By default, all ARP packets are allowed through the security appliance. You can control the flow of ARP packets by enabling ARP inspection. When you enable ARP inspection, the security appliance compares the MAC address, IP address, and source interface in all ARP packets to static entries in the ARP table, and takes the following actions If the IP address, MAC address, and source interface match an ARP entry, the packet is passed through. If there is a mismatch between the MAC address, the IP...

ASA 5505 Default Configuration

The default factory configuration for the ASA 5505 adaptive security appliance configures the following An inside VLAN 1 interface that includes the Ethernet 0 1 through 0 7 switch ports. If you did not set the IP address in the configure factory-default command, then the VLAN 1 IP address and mask are 192.168.1.1 and 255.255.255.0. An outside VLAN 2 interface that includes the Ethernet 0 0 switch port. VLAN 2 derives its IP address using DHCP. The default route is also derived from DHCP. All...

ASA 5510 and Higher Default Configuration

The default factory configuration for the ASA 5510 and higher adaptive security appliance configures the following The management interface, Management 0 0. If you did not set the IP address in the configure factory-default command, then the IP address and mask are 192.168.1.1 and 255.255.255.0. The DHCP server is enabled on the security appliance, so a PC connecting to the interface receives an address between 192.168.1.2 and 192.168.1.254. The HTTP server is enabled for ASDM and is accessible...

Authenticating Directly with the Security Appliance

If you do not want to allow HTTP, HTTPS, Telnet, or FTP through the security appliance but want to authenticate other types of traffic, you can authenticate with the security appliance directly using HTTP, HTTPS, or Telnet. This section includes the following topics Enabling Direct Authentication Using HTTP and HTTPS, page 19-6 Enabling Direct Authentication Using Telnet, page 19-6 Enabling Direct Authentication Using HTTP and HTTPS If you enabled the redirect method of HTTP and HTTPS...

Authentication Overview

The security appliance lets you configure network access authentication using AAA servers. This section includes the following topics One-Time Authentication, page 19-2 Applications Required to Receive an Authentication Challenge, page 19-2 Security Appliance Authentication Prompts, page 19-2 Static PAT and HTTP, page 19-3 Enabling Network Access Authentication, page 19-3 A user at a given IP address only needs to authenticate one time for all rules and types, until the authentication session...

Authentication with LDAP

During authentication, the security appliance acts as a client proxy to the LDAP server for the user, and authenticates to the LDAP server in either plain text or using the Simple Authentication and Security Layer (SASL) protocol. By default, the security appliance passes authentication parameters, usually a username and password, to the LDAP server in plain text. Whether using SASL or plain text, you can secure the communications between the security appliance and the LDAP server with SSL...

Authorization with LDAP for VPN

When user LDAP authentication for VPN access has succeeded, the security appliance queries the LDAP server which returns LDAP attributes. These attributes generally include authorization data that applies to the VPN session. Thus, using LDAP accomplishes authentication and authorization in a single step. There may be cases, however, where you require authorization from an LDAP directory server that is separate and distinct from the authentication mechanism. For example, if you use an SDI or...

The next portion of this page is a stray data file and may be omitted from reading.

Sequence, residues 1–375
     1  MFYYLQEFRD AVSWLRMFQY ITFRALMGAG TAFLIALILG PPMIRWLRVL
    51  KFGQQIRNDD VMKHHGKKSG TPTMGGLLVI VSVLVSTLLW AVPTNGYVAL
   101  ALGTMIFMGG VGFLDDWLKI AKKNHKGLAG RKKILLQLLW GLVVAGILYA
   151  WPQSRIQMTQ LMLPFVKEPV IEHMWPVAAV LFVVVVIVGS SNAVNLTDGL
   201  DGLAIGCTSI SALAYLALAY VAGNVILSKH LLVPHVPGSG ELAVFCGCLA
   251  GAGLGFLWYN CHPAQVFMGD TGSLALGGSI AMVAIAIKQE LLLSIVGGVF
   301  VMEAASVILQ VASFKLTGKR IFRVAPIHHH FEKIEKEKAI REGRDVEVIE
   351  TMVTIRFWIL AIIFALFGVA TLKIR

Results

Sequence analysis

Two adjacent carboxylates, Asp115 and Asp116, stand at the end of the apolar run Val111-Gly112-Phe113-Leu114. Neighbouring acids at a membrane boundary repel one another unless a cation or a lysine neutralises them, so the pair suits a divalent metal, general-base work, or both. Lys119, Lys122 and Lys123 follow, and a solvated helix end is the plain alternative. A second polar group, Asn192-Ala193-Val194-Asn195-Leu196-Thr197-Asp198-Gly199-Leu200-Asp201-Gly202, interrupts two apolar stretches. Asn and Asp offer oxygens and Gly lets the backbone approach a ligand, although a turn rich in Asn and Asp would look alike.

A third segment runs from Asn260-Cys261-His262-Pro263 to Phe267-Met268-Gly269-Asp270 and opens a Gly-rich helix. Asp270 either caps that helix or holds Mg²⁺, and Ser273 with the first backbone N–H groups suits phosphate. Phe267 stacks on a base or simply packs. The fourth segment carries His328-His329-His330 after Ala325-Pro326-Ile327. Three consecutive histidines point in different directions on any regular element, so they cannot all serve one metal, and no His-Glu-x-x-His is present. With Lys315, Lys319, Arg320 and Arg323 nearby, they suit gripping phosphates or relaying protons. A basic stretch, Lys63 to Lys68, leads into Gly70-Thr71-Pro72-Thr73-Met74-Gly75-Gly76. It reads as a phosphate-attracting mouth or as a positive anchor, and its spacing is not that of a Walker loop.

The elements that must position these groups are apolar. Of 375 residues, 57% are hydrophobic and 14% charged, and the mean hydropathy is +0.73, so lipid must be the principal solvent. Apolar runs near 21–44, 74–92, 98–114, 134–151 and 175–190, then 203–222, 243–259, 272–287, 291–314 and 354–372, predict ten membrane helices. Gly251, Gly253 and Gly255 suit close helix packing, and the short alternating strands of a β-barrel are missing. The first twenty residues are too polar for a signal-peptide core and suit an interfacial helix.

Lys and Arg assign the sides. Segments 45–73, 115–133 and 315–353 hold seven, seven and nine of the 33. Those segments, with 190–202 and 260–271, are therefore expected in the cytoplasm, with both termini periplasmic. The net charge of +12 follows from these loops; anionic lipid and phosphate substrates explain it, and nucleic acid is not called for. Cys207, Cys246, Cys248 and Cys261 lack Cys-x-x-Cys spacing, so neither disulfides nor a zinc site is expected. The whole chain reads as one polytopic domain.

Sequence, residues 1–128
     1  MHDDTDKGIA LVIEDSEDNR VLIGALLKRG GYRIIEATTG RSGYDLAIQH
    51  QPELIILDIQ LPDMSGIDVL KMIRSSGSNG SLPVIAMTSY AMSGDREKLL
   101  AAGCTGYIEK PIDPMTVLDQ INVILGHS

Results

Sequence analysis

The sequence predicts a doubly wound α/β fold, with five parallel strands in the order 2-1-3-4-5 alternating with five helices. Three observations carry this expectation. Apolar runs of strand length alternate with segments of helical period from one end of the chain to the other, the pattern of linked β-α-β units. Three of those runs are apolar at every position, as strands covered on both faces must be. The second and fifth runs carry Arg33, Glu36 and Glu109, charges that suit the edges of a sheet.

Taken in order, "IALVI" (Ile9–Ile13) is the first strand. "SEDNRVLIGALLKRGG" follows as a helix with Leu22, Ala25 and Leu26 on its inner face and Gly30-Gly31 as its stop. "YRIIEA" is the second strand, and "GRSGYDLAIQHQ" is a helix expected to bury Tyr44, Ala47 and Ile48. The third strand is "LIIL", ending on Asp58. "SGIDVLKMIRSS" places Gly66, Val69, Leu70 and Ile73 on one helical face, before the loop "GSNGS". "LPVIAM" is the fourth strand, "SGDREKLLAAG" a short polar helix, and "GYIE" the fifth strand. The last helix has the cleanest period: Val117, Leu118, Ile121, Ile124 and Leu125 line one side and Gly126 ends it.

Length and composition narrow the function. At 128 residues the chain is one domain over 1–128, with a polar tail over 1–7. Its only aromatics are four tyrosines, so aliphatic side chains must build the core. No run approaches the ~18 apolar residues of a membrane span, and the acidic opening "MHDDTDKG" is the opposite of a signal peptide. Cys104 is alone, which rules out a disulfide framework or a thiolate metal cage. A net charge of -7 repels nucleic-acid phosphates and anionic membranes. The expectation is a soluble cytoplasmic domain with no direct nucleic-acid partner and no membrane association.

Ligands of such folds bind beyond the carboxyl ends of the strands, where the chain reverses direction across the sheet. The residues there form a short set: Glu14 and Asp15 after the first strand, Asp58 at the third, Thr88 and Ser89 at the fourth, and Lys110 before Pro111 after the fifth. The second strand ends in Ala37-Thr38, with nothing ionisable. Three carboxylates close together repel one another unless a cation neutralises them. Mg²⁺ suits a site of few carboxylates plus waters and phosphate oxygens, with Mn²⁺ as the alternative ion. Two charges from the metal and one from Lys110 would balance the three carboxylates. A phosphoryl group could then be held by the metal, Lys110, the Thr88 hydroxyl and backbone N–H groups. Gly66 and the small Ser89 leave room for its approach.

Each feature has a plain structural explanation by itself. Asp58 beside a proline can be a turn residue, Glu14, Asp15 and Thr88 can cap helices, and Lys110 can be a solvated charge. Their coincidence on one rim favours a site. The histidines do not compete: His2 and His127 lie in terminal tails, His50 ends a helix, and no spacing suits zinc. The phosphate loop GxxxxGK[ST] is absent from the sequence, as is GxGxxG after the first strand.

Automatically Assigning MAC Addresses to Context Interfaces

To allow contexts to share interfaces, we suggest that you assign unique MAC addresses to each context interface. The MAC address is used to classify packets within a context. If you share an interface, but do not have unique MAC addresses for the interface in each context, then the destination IP address is used to classify packets. The destination address is matched with the context NAT configuration, and this method has some limitations compared to the MAC address method. See the How the...

Blocking Unwanted Connections

If you know that a host is attempting to attack your network (for example, system log messages show an attack), then you can block (or shun) connections based on the source IP address and other identifying parameters. No new connections can be made until you remove the shun. Note If you have an IPS that monitors traffic, such as an AIP SSM, then the IPS can shun connections automatically. To shun a connection manually, perform the following steps Step 1 If necessary, view information about the...

Buffering the Content Server Response

When a user issues a request to connect to a content server, the security appliance sends the request to the content server and to the filtering server at the same time. If the filtering server does not respond before the content server, the server response is dropped. This delays the web server response from the point of view of the web client because the client must reissue the request. By enabling the HTTP response buffer, replies from web content servers are buffered and the responses are...

Bypassing NAT

This section describes how to bypass NAT. You might want to bypass NAT when you enable NAT control. You can bypass NAT using identity NAT, static identity NAT, or NAT exemption. See the Bypassing NAT When NAT Control is Enabled section on page 17-9 for more information about these methods. This section includes the following topics Configuring Identity NAT, page 17-29 Configuring Static Identity NAT, page 17-29 Configuring NAT Exemption, page 17-31

Bypassing NAT When NAT Control is Enabled